Stop ID cards and the database state

Database accuracy: UK Passport Service

On 26th January 2005, Ann McKechin MP wrote in a letter

There are hundreds of government computer systems which work well eg. Vehicle Licensing but don't attract media attention as a result.

The letter was in reply to some concerns that I had raised about the government's proposals to introduce ID cards and the National Identity Register. In response to this letter, I requested information (using the Freedom of Information Act) from the UK Passport Service for an estimate of the accuracy of their database:

I would like to know how accurate the UK Passport Agency database is believed to be, i.e. what percentage of the data held is believed to be inaccurate?

Their initial reply was not as helpful as the reply I received from DVLA to a similar request about the accuracy of the vehicle licensing database. UKPS refused to answer:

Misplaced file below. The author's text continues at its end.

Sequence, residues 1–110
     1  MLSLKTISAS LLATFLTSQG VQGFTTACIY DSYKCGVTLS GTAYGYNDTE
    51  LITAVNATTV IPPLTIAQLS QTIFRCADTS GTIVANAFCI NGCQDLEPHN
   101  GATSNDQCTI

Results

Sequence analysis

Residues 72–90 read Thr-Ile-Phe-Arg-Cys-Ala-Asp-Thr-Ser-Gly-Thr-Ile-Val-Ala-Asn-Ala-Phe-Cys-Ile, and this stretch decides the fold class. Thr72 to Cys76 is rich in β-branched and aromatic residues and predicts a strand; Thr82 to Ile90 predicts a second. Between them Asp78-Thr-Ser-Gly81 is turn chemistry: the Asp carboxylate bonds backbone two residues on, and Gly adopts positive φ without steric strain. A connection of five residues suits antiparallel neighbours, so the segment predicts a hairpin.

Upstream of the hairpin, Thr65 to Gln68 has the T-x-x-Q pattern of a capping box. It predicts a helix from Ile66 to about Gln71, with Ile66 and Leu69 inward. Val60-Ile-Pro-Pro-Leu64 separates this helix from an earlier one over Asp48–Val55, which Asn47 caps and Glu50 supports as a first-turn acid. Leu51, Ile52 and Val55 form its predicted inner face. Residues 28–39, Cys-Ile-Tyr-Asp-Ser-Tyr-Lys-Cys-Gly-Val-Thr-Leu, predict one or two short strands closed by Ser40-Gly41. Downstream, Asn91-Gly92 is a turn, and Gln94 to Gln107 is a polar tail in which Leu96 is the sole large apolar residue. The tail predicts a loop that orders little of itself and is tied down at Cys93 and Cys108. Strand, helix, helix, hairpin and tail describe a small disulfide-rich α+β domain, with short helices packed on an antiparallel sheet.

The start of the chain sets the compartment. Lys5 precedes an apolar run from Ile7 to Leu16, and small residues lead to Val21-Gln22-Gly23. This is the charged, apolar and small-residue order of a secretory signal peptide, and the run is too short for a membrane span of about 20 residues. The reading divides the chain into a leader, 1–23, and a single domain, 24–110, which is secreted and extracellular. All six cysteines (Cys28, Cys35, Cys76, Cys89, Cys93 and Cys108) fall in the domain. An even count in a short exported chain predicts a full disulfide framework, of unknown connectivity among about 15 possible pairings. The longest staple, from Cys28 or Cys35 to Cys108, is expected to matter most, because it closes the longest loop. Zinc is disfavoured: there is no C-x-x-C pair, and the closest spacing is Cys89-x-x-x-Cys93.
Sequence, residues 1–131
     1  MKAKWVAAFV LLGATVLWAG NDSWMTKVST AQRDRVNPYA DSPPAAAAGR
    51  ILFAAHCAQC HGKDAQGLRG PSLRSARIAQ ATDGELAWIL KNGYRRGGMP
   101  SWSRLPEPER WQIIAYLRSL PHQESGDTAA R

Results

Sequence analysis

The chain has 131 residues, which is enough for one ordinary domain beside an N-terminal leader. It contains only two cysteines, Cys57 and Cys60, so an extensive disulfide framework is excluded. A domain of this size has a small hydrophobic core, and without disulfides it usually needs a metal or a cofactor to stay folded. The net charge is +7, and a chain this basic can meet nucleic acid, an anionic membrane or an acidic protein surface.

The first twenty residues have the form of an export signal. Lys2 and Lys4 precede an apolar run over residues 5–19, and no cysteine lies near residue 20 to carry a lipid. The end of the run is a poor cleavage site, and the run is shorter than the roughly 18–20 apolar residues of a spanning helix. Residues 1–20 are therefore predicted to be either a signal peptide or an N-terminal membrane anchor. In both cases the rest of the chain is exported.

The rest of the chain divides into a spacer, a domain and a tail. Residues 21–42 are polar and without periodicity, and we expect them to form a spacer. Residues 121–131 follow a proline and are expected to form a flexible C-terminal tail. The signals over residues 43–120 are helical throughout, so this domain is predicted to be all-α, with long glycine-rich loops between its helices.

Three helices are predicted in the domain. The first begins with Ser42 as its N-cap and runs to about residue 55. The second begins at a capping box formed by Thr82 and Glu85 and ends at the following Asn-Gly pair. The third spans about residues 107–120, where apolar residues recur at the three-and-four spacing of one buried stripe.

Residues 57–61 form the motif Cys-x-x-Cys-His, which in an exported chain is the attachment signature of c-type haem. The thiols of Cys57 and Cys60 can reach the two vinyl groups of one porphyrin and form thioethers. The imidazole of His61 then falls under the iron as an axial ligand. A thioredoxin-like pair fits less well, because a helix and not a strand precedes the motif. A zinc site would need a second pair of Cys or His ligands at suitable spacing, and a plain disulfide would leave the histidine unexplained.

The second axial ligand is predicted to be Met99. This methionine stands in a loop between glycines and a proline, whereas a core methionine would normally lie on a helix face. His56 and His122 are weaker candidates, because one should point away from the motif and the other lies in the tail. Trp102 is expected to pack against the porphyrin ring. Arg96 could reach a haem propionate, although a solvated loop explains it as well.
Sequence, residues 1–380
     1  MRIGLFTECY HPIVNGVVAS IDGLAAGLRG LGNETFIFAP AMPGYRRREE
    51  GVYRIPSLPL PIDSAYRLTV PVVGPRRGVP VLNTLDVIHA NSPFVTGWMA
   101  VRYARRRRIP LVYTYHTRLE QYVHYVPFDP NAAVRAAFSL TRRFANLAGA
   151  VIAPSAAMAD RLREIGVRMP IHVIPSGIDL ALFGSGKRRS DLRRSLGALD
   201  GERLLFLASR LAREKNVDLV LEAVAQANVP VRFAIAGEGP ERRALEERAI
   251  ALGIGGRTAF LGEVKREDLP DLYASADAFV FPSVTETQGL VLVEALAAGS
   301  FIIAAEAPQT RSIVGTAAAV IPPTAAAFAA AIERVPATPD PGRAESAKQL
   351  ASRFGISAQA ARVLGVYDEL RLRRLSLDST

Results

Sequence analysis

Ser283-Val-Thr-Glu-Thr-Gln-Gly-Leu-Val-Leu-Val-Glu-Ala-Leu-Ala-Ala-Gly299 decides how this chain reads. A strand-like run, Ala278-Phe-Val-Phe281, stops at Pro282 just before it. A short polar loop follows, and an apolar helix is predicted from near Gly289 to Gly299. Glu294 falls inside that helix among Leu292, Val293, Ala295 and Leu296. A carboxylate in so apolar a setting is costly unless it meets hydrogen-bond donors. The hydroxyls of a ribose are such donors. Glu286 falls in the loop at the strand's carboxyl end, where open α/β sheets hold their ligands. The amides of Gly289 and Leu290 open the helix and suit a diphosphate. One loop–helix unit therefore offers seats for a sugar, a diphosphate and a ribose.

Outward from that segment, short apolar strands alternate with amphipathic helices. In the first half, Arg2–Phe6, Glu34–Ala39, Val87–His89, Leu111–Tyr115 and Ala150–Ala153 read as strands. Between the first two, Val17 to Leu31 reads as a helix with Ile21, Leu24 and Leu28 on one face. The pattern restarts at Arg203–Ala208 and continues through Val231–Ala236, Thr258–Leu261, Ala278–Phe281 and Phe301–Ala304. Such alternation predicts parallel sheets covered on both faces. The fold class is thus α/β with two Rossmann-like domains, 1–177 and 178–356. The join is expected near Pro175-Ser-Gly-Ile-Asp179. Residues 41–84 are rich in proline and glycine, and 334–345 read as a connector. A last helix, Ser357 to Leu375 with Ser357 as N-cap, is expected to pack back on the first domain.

Dear Mr Bevan

Thank you for your request for information about Data Accuracy on the UKPS database. I am dealing with it under the terms of the Freedom of Information Act 2000.

I regret that we cannot supply you with the information that you have asked for, as to comply with your request would exceed the cost limit beyond which we are not required to supply information. The UK Passport Service is not obliged to comply with any information request where the prescribed costs involved in supplying you with the information exceed £600. This limit applies to all central government departments and is based on work being carried out at a rate of £25 per hour, which equates to 3½ days work per request. Prescribed costs include those which cover the cost of locating and retrieving information, and preparing our response to you. They do not include considering whether any information is exempt from disclosure, overheads such as heating or lighting, or disbursements such as photocopying or postage.